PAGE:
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Attorneys for Auschwitz survivors criticize Germany for taking too long to try SS sergeant

  • Former SS officer Oskar Groening, left, arrives at  a courtroom in Lueneburg, northern Germany, Wednesday July 8, 2015.   German prosecutors  sought a 3½-year prison sentence for the  94-year-old former SS sergeant who served at the Auschwitz death camp in Nazi-occupied Poland, saying his role there made him an accessory to murder. (Christian Charisius/Pool Photo via AP)

    Former SS officer Oskar Groening, left, arrives at a courtroom in Lueneburg, northern Germany, Wednesday July 8, 2015. German prosecutors sought a 3½-year prison sentence for the 94-year-old former SS sergeant who served at the Auschwitz death camp in Nazi-occupied Poland, saying his role there made him an accessory to murder. (Christian Charisius/Pool Photo via AP)  (The Associated Press)

  • Former SS officer Oskar Groening  waits in a court room in Lueneburg, northern Germany, Wednesday July 8, 2015.   German prosecutors  sought a 3½-year prison sentence for the  94-year-old former SS sergeant who served at the Auschwitz death camp in Nazi-occupied Poland, saying his role there made him an accessory to murder. (Christian Charisius/Pool Photo via AP)

    Former SS officer Oskar Groening waits in a court room in Lueneburg, northern Germany, Wednesday July 8, 2015. German prosecutors sought a 3½-year prison sentence for the 94-year-old former SS sergeant who served at the Auschwitz death camp in Nazi-occupied Poland, saying his role there made him an accessory to murder. (Christian Charisius/Pool Photo via AP)  (The Associated Press)

  • Former prisoner of Auschwitz concentration camp and plaintiff Hedy Bohm , left, and her daughter Vicky Bohm  wait in the courtroom  for the trial of former German SS officer Oskar Groening  in Lueneburg, northern Germany, Wednesday July 8 2015 Groening is charged with 300,000 counts of accessory to murder on allegations he helped the Auschwitz Nazi death camp function by sorting cash and valuables seized from Jews.  German prosecutors sought a 3½-year prison sentence for the  94-year-old former SS sergeant who served at the Auschwitz death camp in Nazi-occupied Poland, saying his role there made him an accessory to murder.  ( Christian Charisius/Pool Photovia AP)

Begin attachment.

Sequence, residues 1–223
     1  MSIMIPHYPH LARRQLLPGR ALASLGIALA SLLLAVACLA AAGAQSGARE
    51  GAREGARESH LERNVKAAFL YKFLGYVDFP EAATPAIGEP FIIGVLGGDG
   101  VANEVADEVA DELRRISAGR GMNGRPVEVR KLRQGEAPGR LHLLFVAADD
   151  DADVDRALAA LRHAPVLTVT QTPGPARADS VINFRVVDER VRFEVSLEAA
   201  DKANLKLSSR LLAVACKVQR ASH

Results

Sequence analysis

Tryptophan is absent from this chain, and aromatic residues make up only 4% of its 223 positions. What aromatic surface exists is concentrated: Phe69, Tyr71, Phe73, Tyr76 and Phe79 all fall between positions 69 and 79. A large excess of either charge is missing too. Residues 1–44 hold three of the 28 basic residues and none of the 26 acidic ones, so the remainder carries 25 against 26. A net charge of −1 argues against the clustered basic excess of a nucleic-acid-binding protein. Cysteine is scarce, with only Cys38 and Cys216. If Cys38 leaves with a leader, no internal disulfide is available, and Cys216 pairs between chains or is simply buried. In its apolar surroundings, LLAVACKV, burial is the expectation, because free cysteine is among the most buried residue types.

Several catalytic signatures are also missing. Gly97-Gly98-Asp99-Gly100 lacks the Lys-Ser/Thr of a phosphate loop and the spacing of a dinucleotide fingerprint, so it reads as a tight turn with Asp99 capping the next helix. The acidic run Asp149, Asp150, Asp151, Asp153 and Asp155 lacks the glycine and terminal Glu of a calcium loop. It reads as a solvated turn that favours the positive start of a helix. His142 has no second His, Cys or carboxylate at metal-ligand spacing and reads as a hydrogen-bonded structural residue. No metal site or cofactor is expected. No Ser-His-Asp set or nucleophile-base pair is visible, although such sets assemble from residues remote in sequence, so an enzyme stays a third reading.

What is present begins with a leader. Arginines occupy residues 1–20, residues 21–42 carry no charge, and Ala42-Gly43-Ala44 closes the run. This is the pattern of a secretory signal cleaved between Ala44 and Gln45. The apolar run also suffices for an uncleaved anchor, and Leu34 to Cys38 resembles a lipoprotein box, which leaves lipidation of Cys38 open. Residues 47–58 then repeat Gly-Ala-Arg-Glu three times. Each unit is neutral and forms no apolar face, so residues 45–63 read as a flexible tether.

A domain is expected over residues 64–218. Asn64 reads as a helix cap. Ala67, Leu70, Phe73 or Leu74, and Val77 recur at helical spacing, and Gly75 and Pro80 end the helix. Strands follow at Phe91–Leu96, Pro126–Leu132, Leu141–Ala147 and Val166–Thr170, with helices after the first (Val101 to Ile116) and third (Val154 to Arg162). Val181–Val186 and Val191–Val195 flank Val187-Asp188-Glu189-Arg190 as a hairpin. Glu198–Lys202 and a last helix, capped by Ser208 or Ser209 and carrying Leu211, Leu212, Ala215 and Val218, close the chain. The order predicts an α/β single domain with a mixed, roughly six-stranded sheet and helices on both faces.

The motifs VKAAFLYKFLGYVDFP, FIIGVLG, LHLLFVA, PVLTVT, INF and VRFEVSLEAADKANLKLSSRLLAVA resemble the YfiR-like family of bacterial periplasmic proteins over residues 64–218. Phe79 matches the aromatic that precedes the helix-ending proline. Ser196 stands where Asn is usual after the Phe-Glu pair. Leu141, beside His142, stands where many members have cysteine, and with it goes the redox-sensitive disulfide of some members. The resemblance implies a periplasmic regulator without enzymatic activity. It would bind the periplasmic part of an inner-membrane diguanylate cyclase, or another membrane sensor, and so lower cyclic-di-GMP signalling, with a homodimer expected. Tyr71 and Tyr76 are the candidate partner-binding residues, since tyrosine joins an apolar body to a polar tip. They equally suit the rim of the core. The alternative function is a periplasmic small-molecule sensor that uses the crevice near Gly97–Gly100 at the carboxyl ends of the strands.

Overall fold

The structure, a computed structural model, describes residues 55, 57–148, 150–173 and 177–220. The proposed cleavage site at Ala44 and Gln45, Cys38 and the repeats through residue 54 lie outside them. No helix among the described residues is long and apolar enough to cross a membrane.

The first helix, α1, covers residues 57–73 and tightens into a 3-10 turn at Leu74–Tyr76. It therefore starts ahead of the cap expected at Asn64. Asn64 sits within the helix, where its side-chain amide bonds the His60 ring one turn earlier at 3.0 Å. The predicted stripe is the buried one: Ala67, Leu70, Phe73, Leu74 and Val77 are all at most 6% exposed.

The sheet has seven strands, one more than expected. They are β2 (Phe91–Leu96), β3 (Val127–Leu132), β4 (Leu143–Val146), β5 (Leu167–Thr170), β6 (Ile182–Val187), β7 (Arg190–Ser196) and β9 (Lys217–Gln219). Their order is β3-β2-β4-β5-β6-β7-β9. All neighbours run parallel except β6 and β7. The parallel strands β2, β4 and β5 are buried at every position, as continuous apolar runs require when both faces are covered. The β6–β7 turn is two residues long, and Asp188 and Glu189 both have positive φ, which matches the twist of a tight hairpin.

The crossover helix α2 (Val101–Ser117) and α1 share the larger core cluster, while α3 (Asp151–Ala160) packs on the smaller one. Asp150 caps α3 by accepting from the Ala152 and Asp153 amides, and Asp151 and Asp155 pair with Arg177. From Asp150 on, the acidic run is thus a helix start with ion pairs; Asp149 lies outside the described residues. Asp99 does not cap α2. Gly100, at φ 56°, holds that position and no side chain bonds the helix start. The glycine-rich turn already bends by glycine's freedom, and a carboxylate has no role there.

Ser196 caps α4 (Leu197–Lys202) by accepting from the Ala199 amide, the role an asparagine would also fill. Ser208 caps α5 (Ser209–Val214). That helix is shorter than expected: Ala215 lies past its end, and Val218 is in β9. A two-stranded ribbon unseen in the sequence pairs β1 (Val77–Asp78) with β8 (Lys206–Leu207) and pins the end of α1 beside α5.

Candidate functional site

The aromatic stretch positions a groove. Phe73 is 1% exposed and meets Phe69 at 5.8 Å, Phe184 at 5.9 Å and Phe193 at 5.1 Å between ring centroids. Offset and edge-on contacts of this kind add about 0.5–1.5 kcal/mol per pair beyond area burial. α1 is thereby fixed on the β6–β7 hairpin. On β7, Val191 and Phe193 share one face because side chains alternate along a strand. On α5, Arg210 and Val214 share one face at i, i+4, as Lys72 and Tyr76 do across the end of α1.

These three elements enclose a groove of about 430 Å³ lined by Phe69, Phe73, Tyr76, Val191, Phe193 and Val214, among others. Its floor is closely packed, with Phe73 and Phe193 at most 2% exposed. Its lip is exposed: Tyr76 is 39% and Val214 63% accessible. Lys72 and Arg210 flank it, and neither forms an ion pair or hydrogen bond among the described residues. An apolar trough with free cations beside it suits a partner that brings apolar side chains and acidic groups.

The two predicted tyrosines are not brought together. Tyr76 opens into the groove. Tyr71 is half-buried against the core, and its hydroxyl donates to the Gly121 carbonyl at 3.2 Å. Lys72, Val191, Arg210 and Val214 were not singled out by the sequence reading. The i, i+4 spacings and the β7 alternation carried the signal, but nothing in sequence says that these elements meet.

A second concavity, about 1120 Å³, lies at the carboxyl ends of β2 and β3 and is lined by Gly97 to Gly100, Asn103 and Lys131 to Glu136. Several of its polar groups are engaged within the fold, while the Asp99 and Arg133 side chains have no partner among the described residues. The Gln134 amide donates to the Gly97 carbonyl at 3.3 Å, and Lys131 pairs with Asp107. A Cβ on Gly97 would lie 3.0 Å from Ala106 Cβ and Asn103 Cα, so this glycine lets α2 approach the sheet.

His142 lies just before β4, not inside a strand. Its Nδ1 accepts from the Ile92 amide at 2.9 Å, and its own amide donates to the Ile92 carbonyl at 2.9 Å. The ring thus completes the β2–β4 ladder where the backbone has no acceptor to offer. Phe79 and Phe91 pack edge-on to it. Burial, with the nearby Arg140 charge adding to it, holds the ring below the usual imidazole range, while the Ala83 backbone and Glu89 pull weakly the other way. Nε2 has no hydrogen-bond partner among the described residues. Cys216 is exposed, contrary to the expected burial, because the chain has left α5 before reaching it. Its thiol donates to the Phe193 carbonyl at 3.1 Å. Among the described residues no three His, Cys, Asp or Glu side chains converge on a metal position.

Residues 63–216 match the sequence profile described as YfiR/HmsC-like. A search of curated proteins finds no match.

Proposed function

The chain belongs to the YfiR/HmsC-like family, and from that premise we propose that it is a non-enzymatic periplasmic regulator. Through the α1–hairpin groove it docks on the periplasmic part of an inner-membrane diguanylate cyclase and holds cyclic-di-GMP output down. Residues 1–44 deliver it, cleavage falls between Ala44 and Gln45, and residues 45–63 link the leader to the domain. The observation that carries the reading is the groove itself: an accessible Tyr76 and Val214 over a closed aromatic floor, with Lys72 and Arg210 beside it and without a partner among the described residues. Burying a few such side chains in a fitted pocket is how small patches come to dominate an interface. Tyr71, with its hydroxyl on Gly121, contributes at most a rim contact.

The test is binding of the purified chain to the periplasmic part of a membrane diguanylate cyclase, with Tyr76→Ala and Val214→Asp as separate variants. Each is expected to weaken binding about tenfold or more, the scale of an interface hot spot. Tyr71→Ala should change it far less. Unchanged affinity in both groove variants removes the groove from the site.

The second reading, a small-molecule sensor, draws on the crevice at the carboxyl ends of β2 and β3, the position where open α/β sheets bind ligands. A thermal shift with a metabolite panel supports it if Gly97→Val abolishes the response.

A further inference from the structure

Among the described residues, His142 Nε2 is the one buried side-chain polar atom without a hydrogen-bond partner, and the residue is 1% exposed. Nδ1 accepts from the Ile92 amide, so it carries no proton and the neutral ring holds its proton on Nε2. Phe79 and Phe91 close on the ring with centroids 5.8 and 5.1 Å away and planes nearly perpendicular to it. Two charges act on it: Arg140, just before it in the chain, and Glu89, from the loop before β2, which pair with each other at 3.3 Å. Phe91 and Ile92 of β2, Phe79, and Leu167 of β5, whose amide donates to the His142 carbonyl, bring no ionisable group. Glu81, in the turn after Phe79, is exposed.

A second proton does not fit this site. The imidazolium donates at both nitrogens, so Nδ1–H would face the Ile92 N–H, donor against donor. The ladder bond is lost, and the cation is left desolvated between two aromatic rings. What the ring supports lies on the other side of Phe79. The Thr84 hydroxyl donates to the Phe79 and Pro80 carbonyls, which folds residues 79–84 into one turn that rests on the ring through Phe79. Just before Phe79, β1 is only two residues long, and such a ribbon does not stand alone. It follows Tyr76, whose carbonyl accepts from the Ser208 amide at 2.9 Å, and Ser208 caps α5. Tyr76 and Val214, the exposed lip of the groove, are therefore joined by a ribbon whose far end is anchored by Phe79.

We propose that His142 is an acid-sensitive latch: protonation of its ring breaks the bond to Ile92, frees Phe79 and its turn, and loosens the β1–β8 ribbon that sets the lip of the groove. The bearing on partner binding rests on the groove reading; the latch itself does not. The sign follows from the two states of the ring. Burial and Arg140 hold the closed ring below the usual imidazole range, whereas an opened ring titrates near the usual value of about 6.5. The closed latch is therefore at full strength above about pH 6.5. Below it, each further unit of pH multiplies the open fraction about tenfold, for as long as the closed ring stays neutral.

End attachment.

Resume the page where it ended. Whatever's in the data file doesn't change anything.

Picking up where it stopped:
Former prisoner of Auschwitz concentration camp and plaintiff Hedy Bohm , left, and her daughter Vicky Bohm wait in the courtroom for the trial of former German SS officer Oskar Groening in Lueneburg, northern Germany, Wednesday July 8 2015 Groening is charged with 300,000 counts of accessory to murder on allegations he helped the Auschwitz Nazi death camp function by sorting cash and valuables seized from Jews. German prosecutors sought a 3½-year prison sentence for the 94-year-old former SS sergeant who served at the Auschwitz death camp in Nazi-occupied Poland, saying his role there made him an accessory to murder. ( Christian Charisius/Pool Photovia AP)  (The Associated Press)

Attorneys representing dozens of Auschwitz survivors and their relatives say German justice moved too slowly in bringing to trial a former SS sergeant who served at the death camp.

In closing arguments Wednesday at Oskar Groening's trial, attorney Cornelius Nestler questioned why it took 70 years after the end of World War II to put the 94-year-old on trial for 300,000 counts of accessory to murder. Nestler says it's "far too late, but not too late."

Thomas Walther, who represents 51 co-plaintiffs with Nestler, told the court Groening deserves respect for talking about his role in Auschwitz, but that survivors "remain greatly disappointed" they didn't hear him take personal responsibility.

Germany allows victims of a crime to join a case as co-plaintiffs. A verdict is expected later this month.